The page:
Standardized Tests

Most colleges require (or recommend) either the American College Testing Program (ACT) or the Scholastic Assessment Test (SAT). When you register for these tests, you must also arrange for the scores to be sent electronically to these schools. Some require SAT Subject Tests in addition to either the SAT or ACT. Check with the individual college for its requirements. At some schools, the ACT may substitute for the SAT Subject Tests. Please make sure you are taking the tests early enough for the colleges to receive the scores by when they are needed.  Examples of what schools require:

  • Many highly competitive colleges require the ACT or the SAT plus two or three SAT Subject Tests
  • If you take the ACT plus the writing option, certain colleges waive the SAT Subject Test requirement. If you take the SAT, they may still require SAT Subject Tests
  • UVM requires either the SAT or the ACT, but no SAT Subject Tests
  • A number of schools are making tests “optional”

Please do not let financial considerations keep you from taking the tests. You may qualify for a SAT fee waiver or an ACT fee waiver. Please contact us if this is the case.

 

Waivers

You may qualify, financially, for a waiver to take any or all of the following tests. You will need to have filled out a form and filed it with the office. Then, you will need to obtain a waiver card from Ellen Bagnato. This form will allow you to register for free, and send your scores to up to eight schools. The waiver is not valid for late registration fees, however, so plan accordingly.

 

PSAT/NMSQT

  • The PSAT (a “pre” SAT) is also the National Merit Scholarship Qualifying Test (NMSQT). This test serves several purposes:
    1. It introduces you to college entrance exams.
    2. Your scores provide a hint at what scores you MAY obtain on the SAT.
    3. It allows colleges access to your information.  You will notice that you will begin receiving college information in the mail after taking the PSAT.
    4. It is the first step to qualify for a National Merit Scholarship based on your junior year scores.

 

SAT Reasoning Test (the SAT): 

  • Formerly known, and sometimes still referred to, as the SAT I
  • This test or the ACT is required by many schools. Check the application requirements for more information.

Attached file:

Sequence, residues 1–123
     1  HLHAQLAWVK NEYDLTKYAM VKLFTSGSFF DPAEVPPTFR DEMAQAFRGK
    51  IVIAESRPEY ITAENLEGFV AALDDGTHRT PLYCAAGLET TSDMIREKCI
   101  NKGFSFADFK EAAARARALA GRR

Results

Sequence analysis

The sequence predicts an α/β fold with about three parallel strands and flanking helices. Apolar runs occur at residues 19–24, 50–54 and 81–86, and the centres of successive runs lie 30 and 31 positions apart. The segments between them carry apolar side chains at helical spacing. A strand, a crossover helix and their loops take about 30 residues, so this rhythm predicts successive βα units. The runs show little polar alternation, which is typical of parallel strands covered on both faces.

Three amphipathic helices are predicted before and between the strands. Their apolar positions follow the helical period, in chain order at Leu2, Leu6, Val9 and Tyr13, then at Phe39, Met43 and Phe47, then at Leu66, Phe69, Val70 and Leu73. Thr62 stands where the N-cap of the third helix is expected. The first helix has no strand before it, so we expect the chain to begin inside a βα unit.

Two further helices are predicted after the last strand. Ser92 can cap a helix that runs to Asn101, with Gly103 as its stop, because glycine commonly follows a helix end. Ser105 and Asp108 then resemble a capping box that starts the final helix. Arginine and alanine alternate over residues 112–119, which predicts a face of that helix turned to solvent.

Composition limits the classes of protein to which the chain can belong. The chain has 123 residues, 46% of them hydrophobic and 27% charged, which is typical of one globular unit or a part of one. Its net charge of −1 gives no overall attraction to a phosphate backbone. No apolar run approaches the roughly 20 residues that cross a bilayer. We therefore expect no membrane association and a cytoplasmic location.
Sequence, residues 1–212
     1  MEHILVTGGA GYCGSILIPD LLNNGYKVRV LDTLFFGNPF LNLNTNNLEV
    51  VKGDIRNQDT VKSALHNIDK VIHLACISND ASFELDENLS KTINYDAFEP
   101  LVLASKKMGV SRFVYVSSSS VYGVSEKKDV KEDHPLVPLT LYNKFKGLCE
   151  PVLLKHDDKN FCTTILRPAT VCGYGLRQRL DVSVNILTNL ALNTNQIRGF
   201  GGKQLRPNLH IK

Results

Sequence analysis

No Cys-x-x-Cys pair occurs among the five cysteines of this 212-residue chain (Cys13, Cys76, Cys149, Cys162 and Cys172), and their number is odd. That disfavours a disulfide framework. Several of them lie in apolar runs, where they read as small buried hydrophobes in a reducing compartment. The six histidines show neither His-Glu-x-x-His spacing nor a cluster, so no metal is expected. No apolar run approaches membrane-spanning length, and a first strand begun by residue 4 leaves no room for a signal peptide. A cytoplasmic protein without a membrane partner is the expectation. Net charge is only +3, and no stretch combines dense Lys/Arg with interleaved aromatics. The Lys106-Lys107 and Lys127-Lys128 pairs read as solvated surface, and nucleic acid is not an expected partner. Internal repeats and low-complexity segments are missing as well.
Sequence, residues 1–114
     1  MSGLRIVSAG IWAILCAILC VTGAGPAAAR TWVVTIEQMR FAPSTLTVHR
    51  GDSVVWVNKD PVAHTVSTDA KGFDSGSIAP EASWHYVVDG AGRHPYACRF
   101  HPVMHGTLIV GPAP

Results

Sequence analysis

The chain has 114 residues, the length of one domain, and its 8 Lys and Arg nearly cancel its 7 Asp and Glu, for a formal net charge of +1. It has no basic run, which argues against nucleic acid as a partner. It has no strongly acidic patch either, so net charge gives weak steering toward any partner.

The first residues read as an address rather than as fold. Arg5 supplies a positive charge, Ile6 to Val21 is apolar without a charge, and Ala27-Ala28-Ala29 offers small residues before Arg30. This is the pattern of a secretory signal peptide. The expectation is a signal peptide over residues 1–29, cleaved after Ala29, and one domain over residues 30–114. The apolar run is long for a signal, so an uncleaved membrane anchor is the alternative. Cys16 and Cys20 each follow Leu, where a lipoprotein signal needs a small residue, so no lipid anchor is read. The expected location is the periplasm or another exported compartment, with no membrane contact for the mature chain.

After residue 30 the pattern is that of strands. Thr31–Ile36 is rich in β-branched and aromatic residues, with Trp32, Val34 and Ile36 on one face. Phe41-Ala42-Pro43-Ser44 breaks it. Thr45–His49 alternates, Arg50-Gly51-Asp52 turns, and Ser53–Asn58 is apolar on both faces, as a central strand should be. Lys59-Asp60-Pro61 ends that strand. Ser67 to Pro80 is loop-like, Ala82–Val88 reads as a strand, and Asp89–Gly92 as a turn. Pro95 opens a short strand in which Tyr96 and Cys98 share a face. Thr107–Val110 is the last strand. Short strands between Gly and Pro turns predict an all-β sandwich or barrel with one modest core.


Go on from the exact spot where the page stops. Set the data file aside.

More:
• free practice test is available online, including a 25-minute writing sample
  • Scores do not predict anything accept possible college admittance and first semester grades
  • If you can show financial need, you may apply for a fee waiver. Ask us for the form.
  • You may send scores to 4 schools for free. You may change which schools you are sending these scores to up to one week after taking the test.

 

SAT Subject Tests:

  • Single subject matter tests. Formerly known, and sometimes still referred to, as the SAT II. DO NOT take any SAT Subject Test without doing extra studying to prepare. For example, do not assume that, simply because you have taken a U.S. History course, you will do well on the History SAT Subject Test.  It is also recommended that you take them very soon after taking the class (like chemistry) instead of waiting 6 months later.
  • You may take three subject tests on the same date, but you can NOT take the SAT Subject Tests on the same day you take the SAT Reasoning Test.
  • Pre-plan when might be best to take them. Example: If you are taking Chemistry this semester, consider taking the Chemistry SAT Subject Test in June… but not without additional studying and preparation.
  • Subject Test Preparation is available online or through books. We have some in the Guidance office for your use.

 

ACT:

  • This test or the ACT is required by many schools. Check the application requirements for more information.
  • There is an optional writing section that is required by a number of schools. We highly recommend you take the optional writing section.
  • You may send the scores for free to four colleges if you sign up when you take the test.
  • Test preparation is available online.

 

Should you take the SAT or the ACT?

The Princeton Review has a helpful comparison of the two tests and will help you decide which one to take.

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